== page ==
Did you know that the World Bank runs a nifty bookstore at 18th and Pennsylvania NW, stocking everything from statistics-heavy tomes on international development to “Cooking the Cambodian Way,” from “Natural Disaster Hotspots: Case Studies” to Michael Lewis’s “The Big Short”?
How lovely, in this age of disappearing downtown bookstores — bye-bye Borders, so long Chapters, adios Olsson’s — that we have this brainy oasis for lovers of the printed word.
But not for much longer. The World Bank Group InfoShop — the store’s official name — will close Oct. 14. Fans are distraught. More than 1,300 have signed an online petition begging the bank’s bigwigs to keep the shop open.
“I still love books, real books,” said Aldo Morri, an international business consultant who often does work for the bank and is one of the people behind the petition. “I like to put my fingers on them and flip through them.”
Page-flipping is being replaced by mouse-clicking. Over the past six years, the World Bank has increasingly made its publications available free online, meaning a bookstore isn’t central to its mission. It posts not only the finished reports but also the raw data and research that went into producing them.
“We want people around the world to have access to our knowledge, and we opened our bookstore at a time before the Internet had spread globally,” bank spokesman David Theis wrote in an email. He added: “We aren’t about selling books in Washington — we want to spread knowledge in Burkina Faso.”
Not everyone accepts the argument that the world’s knowledge is just a few easy mouse clicks away.
“That is so untrue,” said Mike Goldberg, a microfinance expert who has worked at the bank for 22 years. “Anything junky might be a few mouse clicks away. But anything of high quality that’s technically up to date, it’s much harder to find that in the jungle of the Web now. If you go to the InfoShop, it’s fairly selective. You know you’re getting the latest, the best, the well thought-out.”
There’s a sense of careful curation to the InfoShop. You may not find Stephen King, but you will find someone even scarier: Thomas Piketty. Plus, you can get tiny desk flags from different nations ( $5, including base) and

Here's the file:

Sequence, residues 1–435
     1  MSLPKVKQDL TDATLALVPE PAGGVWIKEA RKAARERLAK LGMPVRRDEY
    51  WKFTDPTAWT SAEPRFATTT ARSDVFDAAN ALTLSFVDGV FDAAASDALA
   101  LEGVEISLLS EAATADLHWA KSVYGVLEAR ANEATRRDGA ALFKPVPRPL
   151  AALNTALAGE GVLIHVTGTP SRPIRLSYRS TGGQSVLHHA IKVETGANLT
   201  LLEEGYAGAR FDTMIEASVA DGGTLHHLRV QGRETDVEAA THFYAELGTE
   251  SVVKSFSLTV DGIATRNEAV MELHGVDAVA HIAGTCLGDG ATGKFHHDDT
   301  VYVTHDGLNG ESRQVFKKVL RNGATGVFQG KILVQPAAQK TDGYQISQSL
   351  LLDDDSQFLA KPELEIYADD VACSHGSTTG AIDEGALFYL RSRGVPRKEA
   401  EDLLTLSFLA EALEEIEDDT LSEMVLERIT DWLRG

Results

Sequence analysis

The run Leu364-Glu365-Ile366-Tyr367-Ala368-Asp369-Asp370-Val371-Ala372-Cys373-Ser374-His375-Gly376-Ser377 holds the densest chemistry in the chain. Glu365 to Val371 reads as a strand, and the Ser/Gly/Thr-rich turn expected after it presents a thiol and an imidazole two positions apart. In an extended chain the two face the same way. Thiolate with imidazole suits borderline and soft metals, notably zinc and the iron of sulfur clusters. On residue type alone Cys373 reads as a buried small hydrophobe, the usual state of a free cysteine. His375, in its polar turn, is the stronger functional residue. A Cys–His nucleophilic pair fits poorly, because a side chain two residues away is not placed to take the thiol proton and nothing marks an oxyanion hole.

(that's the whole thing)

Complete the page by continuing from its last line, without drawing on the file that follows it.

T-shirts that say, “End Poverty.”
On a recent afternoon I encountered Eric Lewis perusing the offerings. “It’s a great place to come in and browse,” said Eric, who likes the foreign fiction as well as nonfiction books about the Middle East, a region he visits for his job as an international lawyer.
Other typical customers include World Bank employees; staffers from the State Department, the White House and the U.S. Treasury; and students and professors from nearby George Washington University.
The occasional tourist wanders in, too. “They come in because I put the cheap books up front,” said Guy Brussat, the store’s book buyer, one of two full-time employees. (There are also three part-timers.)
“I’ll say one thing: They never censored me,” Guy said of the bank’s management. He still remembers the time a rather countercultural fellow stormed in and accused the store of being a mouthpiece for the bank. Guy took him to a shelf and pointed out a book called “10 Reasons to Abolish the IMF and the World Bank.”
It’s unclear what will become of the space after the store closes in October. Some World Bank employees told me that they heard it would be used for offices, allowing the bank to move staff out of rented buildings. The Washington City Paper reported it will be used for events. David said no final decision has been made.
The bookstore’s fans hope the petition might move the bank’s management to reconsider. That seems unlikely. David wrote in an email: “We understand that people have an emotional connection to this bookstore, as they did to the Borders that closed several years ago on L Street and the countless other shops around the country and around the world. But our mission is not on the corner of Pennsylvania Avenue and 18th Street. It is in the health clinics and schools and rural villages in the poorest corners of the world.”
True enough. And yet, won’t something be lost, some only-in-Washington wonkery, or perhaps the possibility that a book bought in the InfoShop might end up changing policy in some faraway land?
Guy recalls how during one of the bank’s annual meetings, the oil minister from an African country came in wearing colorful national dress. Trailed by his security entourage, he swept through the store, pointing out books: this one, that one. In the end it was more than 100 titles. At the cash register, one of his underlings pulled a fist-size roll of $100 bills from his pocket and peeled off several thousand dollars.
That anecdote may illustrate the excesses of African oil ministers more than it does some patrons’ affection for the World Bank InfoShop, but what a great anecdote — and not the sort of thing you’re likely to witness at Barnes & Noble on Rockville Pike.
For previous columns, visit washingtonpost.com/johnkelly.